“The actual context and the state of content are going to be so different to anything we can envisage at the moment – the interplay between the user and the provider will be so in simpatico it’s going to crush our ideas of what mediums are all about.”

The full fascinating story of BowieNet can be found in this article: https://www.theguardian.com/technology/2016/jan/11/david-bowie-bowienet-isp-internet

So, innovation is a key component of success; adopt Bowie’s questing attitude to find new approaches for your business.

Life lesson #4: Reinvent yourself

This is probably the most famous aspect of Bowie’s life and career, his ability to keep changing, not just to reflect cultural shifts but to influence and lead them. The run of albums 1970-1980 in particular is not only dazzling in its quality and inventiveness, but also in the range of music it covers. Aside from the Beatles, what other artist has achieved anything like this in such a relatively short period of time?

Two phases can be detected, the first, 1970-1975, pointing west to America and rock n’ roll, and the second, 1976-1980, turning attention eastwards to Germany and even Japan for influences. The surprisingly heavy rock of Man Who Sold the World switched to the classic singer-songwriter style of Hunky Dory. This then changed to the glam-rock genius of Ziggy Stardust and its more elaborate follow-ups, Aladdin Sane and Diamond Dogs. One of Bowie’s boldest changes followed, the soul album Young Americans. Then the beginnings of that turn east (“The European canon is here”) with Station to Station, an extraordinary album which Bowie doesn’t even remember recording, so acute was his drug habit at the time. He then fled L.A. and took refuge with Iggy Pop in Berlin, to get clean and to record startling new music in 1977, the Low and “Heroes” albums, which along with 1979’s Lodger, are referred to as the Berlin trilogy.  He capped off this decade run of reinvention with Scary Monsters which inspired the entire New Romantics movement, its opening track sung intoned in Japanese.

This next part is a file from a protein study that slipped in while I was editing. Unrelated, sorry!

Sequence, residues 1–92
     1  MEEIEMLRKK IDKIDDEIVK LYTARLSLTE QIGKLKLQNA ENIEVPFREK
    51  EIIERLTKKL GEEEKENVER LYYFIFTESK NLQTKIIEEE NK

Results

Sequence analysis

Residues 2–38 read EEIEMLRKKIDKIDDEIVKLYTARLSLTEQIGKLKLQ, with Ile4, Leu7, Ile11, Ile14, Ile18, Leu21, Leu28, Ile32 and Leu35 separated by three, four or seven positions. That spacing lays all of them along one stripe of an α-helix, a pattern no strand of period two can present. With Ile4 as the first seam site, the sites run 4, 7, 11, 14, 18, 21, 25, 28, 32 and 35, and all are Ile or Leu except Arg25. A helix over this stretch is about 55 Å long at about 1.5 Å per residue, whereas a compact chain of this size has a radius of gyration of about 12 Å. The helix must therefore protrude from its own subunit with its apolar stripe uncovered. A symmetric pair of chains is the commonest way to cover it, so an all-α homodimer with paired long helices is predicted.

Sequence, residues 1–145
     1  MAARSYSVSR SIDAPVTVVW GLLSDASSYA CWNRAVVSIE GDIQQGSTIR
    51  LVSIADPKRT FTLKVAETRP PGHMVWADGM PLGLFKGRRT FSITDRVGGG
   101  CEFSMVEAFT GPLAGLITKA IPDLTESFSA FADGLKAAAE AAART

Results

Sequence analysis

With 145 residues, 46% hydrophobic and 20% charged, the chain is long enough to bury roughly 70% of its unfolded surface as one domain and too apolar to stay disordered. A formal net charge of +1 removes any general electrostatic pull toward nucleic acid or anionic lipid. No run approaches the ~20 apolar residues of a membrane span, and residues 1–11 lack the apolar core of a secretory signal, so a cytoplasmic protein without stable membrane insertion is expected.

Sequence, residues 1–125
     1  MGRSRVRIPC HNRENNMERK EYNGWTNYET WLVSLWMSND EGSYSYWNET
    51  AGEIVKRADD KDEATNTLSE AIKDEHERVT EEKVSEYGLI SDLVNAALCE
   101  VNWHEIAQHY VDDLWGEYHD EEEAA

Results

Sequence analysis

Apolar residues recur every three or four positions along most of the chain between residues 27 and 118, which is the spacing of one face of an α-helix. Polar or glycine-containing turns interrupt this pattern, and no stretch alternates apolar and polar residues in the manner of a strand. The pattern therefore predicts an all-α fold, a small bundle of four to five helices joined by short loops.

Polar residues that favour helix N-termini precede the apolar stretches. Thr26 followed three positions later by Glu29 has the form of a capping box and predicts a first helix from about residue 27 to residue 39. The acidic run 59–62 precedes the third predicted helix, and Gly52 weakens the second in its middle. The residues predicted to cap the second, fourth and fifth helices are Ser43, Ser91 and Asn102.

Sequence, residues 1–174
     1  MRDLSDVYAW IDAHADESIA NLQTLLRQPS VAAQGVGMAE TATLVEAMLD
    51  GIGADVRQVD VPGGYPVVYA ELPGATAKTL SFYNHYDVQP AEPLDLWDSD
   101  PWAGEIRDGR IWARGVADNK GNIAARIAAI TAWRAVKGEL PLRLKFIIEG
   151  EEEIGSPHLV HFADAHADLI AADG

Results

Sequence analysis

Whole books have been written about this, Bowie’s golden decade, so this is a highly compressed summary, but do check out every one of these albums. And from a business point of view, stay fresh by restlessly reinventing your business proposition in order to keep ahead (or at least in line with) business trends.

Life lesson #5: Keep challenging yourself

For the fifth point, I’m just going to leave you with one of my favourite quotations from Bowie, given in an interview in 1997:

“If you feel safe in the area you’re working, you’re not working in the right area. Always go a little further into the water than you feel you are capable of being in. Go a little bit out of your depth. When you don't feel that your feet are quite touching the bottom, you're just about in the right place to do something exciting.”

So, not only did Bowie create some of the greatest music of the past 50 years, in his words and his deeds he has provided some inspirational lessons for us all.